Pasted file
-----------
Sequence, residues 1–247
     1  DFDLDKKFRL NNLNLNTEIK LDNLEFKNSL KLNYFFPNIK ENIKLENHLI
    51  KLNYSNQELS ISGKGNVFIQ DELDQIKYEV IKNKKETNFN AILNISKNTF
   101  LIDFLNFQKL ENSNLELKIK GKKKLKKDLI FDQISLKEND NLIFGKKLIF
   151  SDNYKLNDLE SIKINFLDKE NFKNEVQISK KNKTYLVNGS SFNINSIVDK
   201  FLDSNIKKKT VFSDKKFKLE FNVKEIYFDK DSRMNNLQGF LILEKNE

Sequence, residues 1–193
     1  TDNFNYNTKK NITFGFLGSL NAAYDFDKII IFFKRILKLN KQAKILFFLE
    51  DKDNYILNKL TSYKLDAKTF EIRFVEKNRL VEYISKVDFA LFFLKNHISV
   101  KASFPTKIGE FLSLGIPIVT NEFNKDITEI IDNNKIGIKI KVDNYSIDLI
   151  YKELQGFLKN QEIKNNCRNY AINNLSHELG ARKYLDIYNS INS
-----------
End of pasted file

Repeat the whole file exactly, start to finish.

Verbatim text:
Sequence, residues 1–247
     1  DFDLDKKFRL NNLNLNTEIK LDNLEFKNSL KLNYFFPNIK ENIKLENHLI
    51  KLNYSNQELS ISGKGNVFIQ DELDQIKYEV IKNKKETNFN AILNISKNTF
   101  LIDFLNFQKL ENSNLELKIK GKKKLKKDLI FDQISLKEND NLIFGKKLIF
   151  SDNYKLNDLE SIKINFLDKE NFKNEVQISK KNKTYLVNGS SFNINSIVDK
   201  FLDSNIKKKT VFSDKKFKLE FNVKEIYFDK DSRMNNLQGF LILEKNE

Sequence, residues 1–193
     1  TDNFNYNTKK NITFGFLGSL NAAYDFDKII IFFKRILKLN KQAKILFFLE
    51  DKDNYILNKL TSYKLDAKTF EIRFVEKNRL VEYISKVDFA LFFLKNHISV
   101  KASFPTKIGE FLSLGIPIVT NEFNKDITEI IDNNKIGIKI KVDNYSIDLI
   151  YKELQGFLKN QEIKNNCRNY AINNLSHELG ARKYLDIYNS INS